MUSEUMS across Lancashire could be under threat as County Hall chiefs work to balance the books.
Bosses are looking at every service provided by the authority to find massive savings, after it was revealed the council needs to cut an extra £223m by 2020.
Leaders have divided all services into what must be provided legally and what is non-statutory, and museums are one of the many areas under threat.
Bosses have stressed the reviews are not proposals, and every area of the council is being scrutinised to make way for cuts.
Historians say it would be a sad loss if experienced staff lost their jobs, but said the authority could come up with “creative solutions” to make the cuts without the need for closures.
Local historian and civic expert Aidan Turner-Bishop said: “There are some very clever people work for the museums and once that’s gone, it’s gone and we get a diluted service.
“Maybe they need to think about alternative ways.”
He said in other cities, museums were no longer run by local authorities and instead run by trusts.
Mr Turner Bishop said: “They are more flexible in the way they can run things and they can get funding which local authorities can’t, so maybe the idea of a local authority-run museum service is fading away.”
A document seen by the Lancashire Evening Post says Lancashire Museums is a 100 per cent non-statutory service.
It says before the ceasing of any museum, there would be a consultation with partners from other councils.
It also says there is likely to be a commercial value to some items or collections, which could be sold to other museums or collectors.
It says: “There is no obvious legal impact of stopping the museums, arts development, 84 per cent of the cultural services support and development team and the community heritage services, however the impact for staff, citizens of Lancashire, wider economic and social value of those services need to be considered prior to any decision being made.”
Coun David Borrow, deputy leader of the county council, said no decisions had been made yet. He said: “The division between statutory and non-statutory is not the same as the division between important and not important.
“Clearly some of the things that are non-statutory are things that are very important, and we are wrestling with how we manage to cope with that situation.
“We’re not making that decision at the moment.
“Over the next few weeks there will be a lot of meetings taking place to analyse to what extent we can reduce the costs in relation to the statutory services and how much we can free up.”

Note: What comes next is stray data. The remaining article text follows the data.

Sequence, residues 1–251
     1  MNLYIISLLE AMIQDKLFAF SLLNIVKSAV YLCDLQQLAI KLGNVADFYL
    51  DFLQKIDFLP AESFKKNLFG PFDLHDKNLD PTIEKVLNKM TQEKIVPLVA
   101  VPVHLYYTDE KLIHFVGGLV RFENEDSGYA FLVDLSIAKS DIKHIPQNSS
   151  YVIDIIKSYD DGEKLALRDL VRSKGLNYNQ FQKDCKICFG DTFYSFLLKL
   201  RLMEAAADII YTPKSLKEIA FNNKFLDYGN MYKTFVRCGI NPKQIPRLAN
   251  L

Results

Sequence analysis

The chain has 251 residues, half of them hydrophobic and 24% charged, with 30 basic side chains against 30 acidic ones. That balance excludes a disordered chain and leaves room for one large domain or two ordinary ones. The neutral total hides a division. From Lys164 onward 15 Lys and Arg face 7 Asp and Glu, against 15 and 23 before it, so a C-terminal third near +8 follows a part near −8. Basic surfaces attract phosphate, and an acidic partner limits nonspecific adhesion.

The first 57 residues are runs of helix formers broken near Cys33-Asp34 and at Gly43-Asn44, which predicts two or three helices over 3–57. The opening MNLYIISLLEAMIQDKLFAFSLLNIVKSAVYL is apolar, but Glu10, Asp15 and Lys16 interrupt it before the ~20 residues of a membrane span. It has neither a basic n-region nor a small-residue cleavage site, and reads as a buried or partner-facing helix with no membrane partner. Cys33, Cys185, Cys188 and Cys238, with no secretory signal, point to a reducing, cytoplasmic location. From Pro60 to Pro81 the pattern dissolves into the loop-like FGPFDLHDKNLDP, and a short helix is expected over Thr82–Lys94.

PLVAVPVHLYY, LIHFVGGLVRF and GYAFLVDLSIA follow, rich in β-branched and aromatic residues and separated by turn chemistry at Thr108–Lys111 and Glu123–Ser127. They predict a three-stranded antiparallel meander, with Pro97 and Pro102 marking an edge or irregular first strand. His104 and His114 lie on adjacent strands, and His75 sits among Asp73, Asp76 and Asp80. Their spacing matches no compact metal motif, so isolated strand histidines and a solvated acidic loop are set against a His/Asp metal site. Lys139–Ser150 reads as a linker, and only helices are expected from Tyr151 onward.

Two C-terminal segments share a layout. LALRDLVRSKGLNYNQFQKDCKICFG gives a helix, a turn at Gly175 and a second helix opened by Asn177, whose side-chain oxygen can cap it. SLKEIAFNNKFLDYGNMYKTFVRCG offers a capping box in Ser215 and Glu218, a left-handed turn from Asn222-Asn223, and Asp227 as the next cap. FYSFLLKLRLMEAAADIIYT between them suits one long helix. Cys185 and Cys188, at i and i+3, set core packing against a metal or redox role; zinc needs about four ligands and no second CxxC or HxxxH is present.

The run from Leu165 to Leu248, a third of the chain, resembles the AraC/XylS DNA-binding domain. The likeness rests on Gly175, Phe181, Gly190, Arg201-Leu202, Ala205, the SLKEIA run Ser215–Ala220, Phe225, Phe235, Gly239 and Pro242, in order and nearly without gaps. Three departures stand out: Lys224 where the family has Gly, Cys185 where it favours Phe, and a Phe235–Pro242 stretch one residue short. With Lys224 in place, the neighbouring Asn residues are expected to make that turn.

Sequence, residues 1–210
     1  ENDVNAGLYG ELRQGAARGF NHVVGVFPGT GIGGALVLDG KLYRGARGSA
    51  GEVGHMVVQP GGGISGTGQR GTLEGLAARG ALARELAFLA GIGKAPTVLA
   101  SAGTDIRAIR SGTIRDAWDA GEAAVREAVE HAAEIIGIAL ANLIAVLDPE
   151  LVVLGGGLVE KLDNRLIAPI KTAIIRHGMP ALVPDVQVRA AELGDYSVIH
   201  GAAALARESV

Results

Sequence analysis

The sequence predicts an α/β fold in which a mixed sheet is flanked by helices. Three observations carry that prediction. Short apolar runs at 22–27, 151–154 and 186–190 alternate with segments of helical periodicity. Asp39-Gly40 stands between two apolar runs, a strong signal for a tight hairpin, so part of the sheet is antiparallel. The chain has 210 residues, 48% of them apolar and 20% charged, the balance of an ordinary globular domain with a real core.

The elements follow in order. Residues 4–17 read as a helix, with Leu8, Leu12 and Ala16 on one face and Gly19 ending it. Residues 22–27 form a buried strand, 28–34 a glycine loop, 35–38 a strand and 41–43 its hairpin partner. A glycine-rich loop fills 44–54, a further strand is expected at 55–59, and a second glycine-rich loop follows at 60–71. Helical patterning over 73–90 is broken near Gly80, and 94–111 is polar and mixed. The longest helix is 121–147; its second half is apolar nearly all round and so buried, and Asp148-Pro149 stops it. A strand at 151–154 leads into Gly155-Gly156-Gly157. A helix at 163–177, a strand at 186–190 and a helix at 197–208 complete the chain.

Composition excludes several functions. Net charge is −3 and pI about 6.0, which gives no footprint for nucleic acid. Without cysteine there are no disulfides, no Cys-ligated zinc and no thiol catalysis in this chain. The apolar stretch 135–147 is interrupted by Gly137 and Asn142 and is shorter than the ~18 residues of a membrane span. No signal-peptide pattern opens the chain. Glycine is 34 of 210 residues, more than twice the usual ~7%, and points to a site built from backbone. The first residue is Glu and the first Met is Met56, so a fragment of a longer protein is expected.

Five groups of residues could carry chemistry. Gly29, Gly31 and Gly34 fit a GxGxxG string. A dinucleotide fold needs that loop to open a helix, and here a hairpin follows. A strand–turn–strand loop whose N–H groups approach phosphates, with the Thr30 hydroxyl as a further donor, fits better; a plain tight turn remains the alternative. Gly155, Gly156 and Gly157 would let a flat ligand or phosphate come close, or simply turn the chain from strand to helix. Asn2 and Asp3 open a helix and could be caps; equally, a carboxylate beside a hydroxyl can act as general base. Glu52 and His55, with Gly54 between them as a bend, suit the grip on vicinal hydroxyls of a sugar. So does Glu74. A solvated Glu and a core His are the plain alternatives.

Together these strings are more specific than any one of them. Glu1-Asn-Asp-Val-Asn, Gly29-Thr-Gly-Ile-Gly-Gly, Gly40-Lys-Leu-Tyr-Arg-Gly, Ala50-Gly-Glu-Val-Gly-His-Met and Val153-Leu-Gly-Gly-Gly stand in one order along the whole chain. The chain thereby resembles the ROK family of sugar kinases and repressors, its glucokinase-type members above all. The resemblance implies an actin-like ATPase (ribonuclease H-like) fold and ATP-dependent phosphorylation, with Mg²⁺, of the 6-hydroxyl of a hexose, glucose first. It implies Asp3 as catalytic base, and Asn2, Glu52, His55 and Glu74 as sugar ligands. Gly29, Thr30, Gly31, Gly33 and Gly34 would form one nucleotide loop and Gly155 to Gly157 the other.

He said a budget working group was looking at what was statutory and non-statutory over a series of meeting.
He said: “The analysis shows in 2017-18 we would barely have enough money to do the statutory things, although obviously that would be dependent on the grant settlement which will come out at the end of the year.
“We are looking to what extent things that are statutory could be delivered more cheaply, we are looking at what reserves we’ve got to free up other things. Among the non-statutory things are street lighting.
“Economic development and the support we give to the Local Enterprise Partnership is not statutory.
“It would be difficult to envisage us not wanting to do those.
“So we are in the very early stages of working through an approach for 2017-18 and beyond.”
He said documents would be published in November making recommendations, following the review process.
He said: “Our projection in 2018/19, unless government grants are different to what we anticipate, shows a further £50m gap opening up.
“So the focus at the moment is to get the budget in place to get through 2016-17 and 2017-18.
“The size of that challenge will become clearer when the government makes their grant announcement at the end of November.”
He said every area had been divided into statutory, non-statutory and partly statutory, and said: “Among the non-statutory ones will be support for carers, but common sense would tell you if you gave that help to carers, it would help them continue to care for people longer rather than having to go into residential care, which would cost the county a lot more money.
“Residential care is statutory.” Other statutory services include adult social care, children’s services, safeguarding, waste disposal, libraries and pensioners’ bus passes.
A county council spokesman said: “We’ve undertaken an analysis of how the county council’s budget is currently allocated, to give councillors some clarity and detail that will help them to make their next round of budget decisions.
“This analysis provides a breakdown of which services, or parts of each service, are needed to fulfil a statutory requirement.
“Many services the council provides are not statutory and this analysis should not be taken as an indication of future budget proposals.
“Councillors are having to give careful consideration to all areas of the budget because of unprecedented financial pressures caused by cuts to funding by central government and rising demand for social care services.
“Options for next year’s budget will be presented in November and this will be followed by a period of consultation.”
Museums under review are:
Clitheroe Castle Museum
Helmshore Mills Textile
Lancaster Castle Museum
Lancaster City Museum
Lancaster Maritime Museum
Museum of Lancashire
Queen Street Mill Museum
The Cottage Museum